When you first take this TV out of the box you can’t help but to be impressed visually, the lack of a bezel around the television and a mere depth of 1.3” is very appealing as it should be, this is the exact reaction LG promotes with their Cinema displays. Weighing in at 44.1 lbs without stand and 50.1 lbs with stand an average sized adult can set this unit up themselves. The LG logo at the bottom of the television lights up if you want it to, it can be controlled through the televisions menu and has 3 brightness settings. The logo can be set to power on when the television is off or on, or can be disabled completely.
The stand the television comes with is also very sleek, much like it’s closest competitor LG is using a similar TV stand design. It seems that sever TV manufacturers are opting for the wrap under TV stand look these days. The screen is a glossy finish, this concerned me at first as glossy TVs tend to reflect light in a room. However generally glossy finishes have better picture quality and as is with this television the screen diffuses bright lights and bulbs in the room that are reflected on the screen. This must be a coating placed on the screen by the manufacturer.
This is a 120Hz TV and comes equipped with passive 3D.
After running the picture wizard which LG provides in the menu of the television, I was ready to test the unit. The picture quality is stunning, the colours are nice and aren’t over saturated, the tones and balances are perfect and it was a treat for my eyes to watch Television and play video games on.
True motion leaves something to be desired, often times it creates a halo effect, that’s what some call it. What it is is artifacts, the television needs to process both frames and create a mid frame, this often results in errors or artifacts and creates the less than desirable effect around certain objects on screen.
The Passive 3D is a great. I have never considered owning a 3D TV set but LG changed my mind. This unit came with 6 pairs of glasses, but if you watch 3D movies in the theatre you can just take those glasses home and use them. Both the Theatre and this LG set use the same passive technology to display 3D. The glasses are passive so they do not need batteries, the ones included with the set are very light and very comfortable to wear. Downside to the Passive glasses is that it dims the picture a bit. However the 3D is very comfortable and easy on the eyes, unlike the movie theatre 3D, and the active glasses which some users report to have flicker. Test subjects “The Hobbit” and “Tron: Legacy” both look great in 3D on this television. And passive 3D accounts for 48% of total 3D TV panel shipments in 2013, up from 39% in 2011. http://goo.gl/r1RC07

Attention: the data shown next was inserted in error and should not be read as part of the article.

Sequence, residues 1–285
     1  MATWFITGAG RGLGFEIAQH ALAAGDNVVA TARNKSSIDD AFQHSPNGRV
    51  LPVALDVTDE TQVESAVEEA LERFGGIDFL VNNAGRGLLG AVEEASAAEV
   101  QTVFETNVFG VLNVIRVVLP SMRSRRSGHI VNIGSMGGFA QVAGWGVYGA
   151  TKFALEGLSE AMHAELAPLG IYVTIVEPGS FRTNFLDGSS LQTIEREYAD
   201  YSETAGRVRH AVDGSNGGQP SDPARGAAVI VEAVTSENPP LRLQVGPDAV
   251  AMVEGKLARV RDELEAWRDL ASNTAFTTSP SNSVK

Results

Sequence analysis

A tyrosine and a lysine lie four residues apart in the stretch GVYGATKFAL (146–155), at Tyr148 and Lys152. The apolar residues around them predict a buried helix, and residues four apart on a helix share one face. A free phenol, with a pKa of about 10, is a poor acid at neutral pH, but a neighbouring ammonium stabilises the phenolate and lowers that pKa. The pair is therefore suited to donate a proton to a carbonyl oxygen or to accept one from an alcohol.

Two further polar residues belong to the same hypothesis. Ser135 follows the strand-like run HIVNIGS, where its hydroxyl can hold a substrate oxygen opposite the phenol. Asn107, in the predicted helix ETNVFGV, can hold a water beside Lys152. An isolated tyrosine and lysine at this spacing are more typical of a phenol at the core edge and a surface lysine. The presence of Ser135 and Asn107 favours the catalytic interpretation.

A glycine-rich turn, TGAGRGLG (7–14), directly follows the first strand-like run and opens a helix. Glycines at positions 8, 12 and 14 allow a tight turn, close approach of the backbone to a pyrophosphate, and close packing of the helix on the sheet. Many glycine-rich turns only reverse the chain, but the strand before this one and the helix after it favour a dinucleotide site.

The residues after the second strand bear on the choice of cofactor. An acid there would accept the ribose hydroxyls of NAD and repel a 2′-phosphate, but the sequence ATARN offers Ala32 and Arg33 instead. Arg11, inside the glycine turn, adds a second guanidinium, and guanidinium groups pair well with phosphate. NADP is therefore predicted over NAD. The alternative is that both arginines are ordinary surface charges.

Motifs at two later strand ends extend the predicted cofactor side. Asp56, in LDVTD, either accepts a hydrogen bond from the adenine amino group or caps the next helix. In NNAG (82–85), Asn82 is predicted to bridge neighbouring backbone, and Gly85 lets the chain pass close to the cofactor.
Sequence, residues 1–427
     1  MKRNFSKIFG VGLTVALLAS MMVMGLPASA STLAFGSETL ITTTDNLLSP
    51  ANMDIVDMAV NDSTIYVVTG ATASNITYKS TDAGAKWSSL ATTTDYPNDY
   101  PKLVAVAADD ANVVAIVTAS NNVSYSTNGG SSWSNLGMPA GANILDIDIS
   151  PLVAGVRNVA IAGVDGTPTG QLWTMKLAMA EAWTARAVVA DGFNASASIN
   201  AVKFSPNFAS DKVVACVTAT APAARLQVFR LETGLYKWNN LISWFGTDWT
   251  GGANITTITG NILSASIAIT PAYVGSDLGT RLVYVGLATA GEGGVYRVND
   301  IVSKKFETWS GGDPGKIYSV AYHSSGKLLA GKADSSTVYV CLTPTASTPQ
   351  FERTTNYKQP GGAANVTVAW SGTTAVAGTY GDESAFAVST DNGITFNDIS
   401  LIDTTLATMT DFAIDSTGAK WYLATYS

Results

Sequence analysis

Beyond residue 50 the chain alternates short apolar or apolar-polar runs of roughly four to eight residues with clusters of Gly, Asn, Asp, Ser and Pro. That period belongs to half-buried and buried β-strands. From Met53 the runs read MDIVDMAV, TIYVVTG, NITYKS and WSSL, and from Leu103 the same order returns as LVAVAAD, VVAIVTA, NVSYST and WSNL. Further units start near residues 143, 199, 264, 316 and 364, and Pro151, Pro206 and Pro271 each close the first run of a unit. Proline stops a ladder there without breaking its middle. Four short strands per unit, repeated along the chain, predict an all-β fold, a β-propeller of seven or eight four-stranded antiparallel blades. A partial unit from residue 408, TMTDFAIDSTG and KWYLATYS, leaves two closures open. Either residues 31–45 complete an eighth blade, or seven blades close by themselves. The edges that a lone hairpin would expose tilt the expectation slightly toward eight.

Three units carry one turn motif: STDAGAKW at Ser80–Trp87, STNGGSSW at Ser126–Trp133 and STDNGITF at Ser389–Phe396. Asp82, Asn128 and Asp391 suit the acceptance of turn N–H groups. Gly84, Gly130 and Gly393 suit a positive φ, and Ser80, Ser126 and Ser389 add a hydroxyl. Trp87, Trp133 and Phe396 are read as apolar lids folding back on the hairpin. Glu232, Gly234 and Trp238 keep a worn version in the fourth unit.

LED+ means that this set is edge lit using LED and has the dimming feature, during really dark scenes I was able to notice the LEDs dim, this threw me off at first, it was a bit distracting at first. The local dimming feature can be turned down or up depending on the preference, that or disabled altogether.
This TV comes with 2.1 sound, it has a subwoofer built into it. I tested this TV with some music that I streamed from my DLNA server, the sound was rich and the low frequency reproduction was acceptable. If you’re having people over and you want to stream some music to this unit it does a decent job. Don’t expect much though.
I also ran a test of the built in sound system with a couple of Movies, here is where the sound system buckled a bit. A 5.1 Soundtrack was not meant to be this TVs forte. It wasn’t terrible, but as with any 5.1 soundtrack one should couple it with a 5.1 receiver.
The sound system has some presets and a sound optimizer. The sound optimizer depending if the television is wall mounted, or sitting on a stand, adjusts accordingly. It has three settings, Normal or disabled, Wall-Mount Type, and Stand Type.
Then you have your presets such as Movie, Music, Game, User… etc.
All in all the sound is decent for a Television set, a lot better than any other TV speakers I’ve heard.
The magic remote can be operated as a mouse, and it has voice search functionality.
The voice recognition software is very accurate.
Miracast is similar to Intel’s WiDi which this TV also supports, but essentially if your devices support it like an LG smart phone, one can display the screen of the phone on the television.
This technology uses wifi to send the signal from phone to the TV.
Picture quality and the passive 3D is where this set really shines here. This years models also sport dual core processor, and side by side to the 2012 models the performance is very noticeable. The 2013 Smart TV sets are a lot more responsive to button presses and menu changes. ARC functionality.
The dimming can be sometimes noticeable in dark scenes. For the most part it does a good job and lets the blacks really shine on screen.
The menu layout is not very intuitive if one is not familiar with LGs Smart TV technology and the magic remote finding the input selection screen can be a little confusing for new users. An input button on the remote would be very welcomed. ARC does not pass 5.1+ sound from any device connected to the TVs other HDMI inputs, this only works for the Smart TV features embedded into the TV operating system.
Remember to turn on the Gaming Picture mode when playing video games on the television, it will dramatically cut down on the input lag by disabling some of the processing that goes on in the background.
I’d give this TV 8 out of 10, this is a very sexy and sleek design. The picture quality is superb and one of the better screens I have experienced. Passive 3D is nice and really easy on the eyes. Really good for gaming.
LG LA6900, Dual Core, Passive 3D, Cinema Screen, 120 Hz, Smart TV, Voice Search, Magic Remote, 2.1 Sound, DNLA Compliant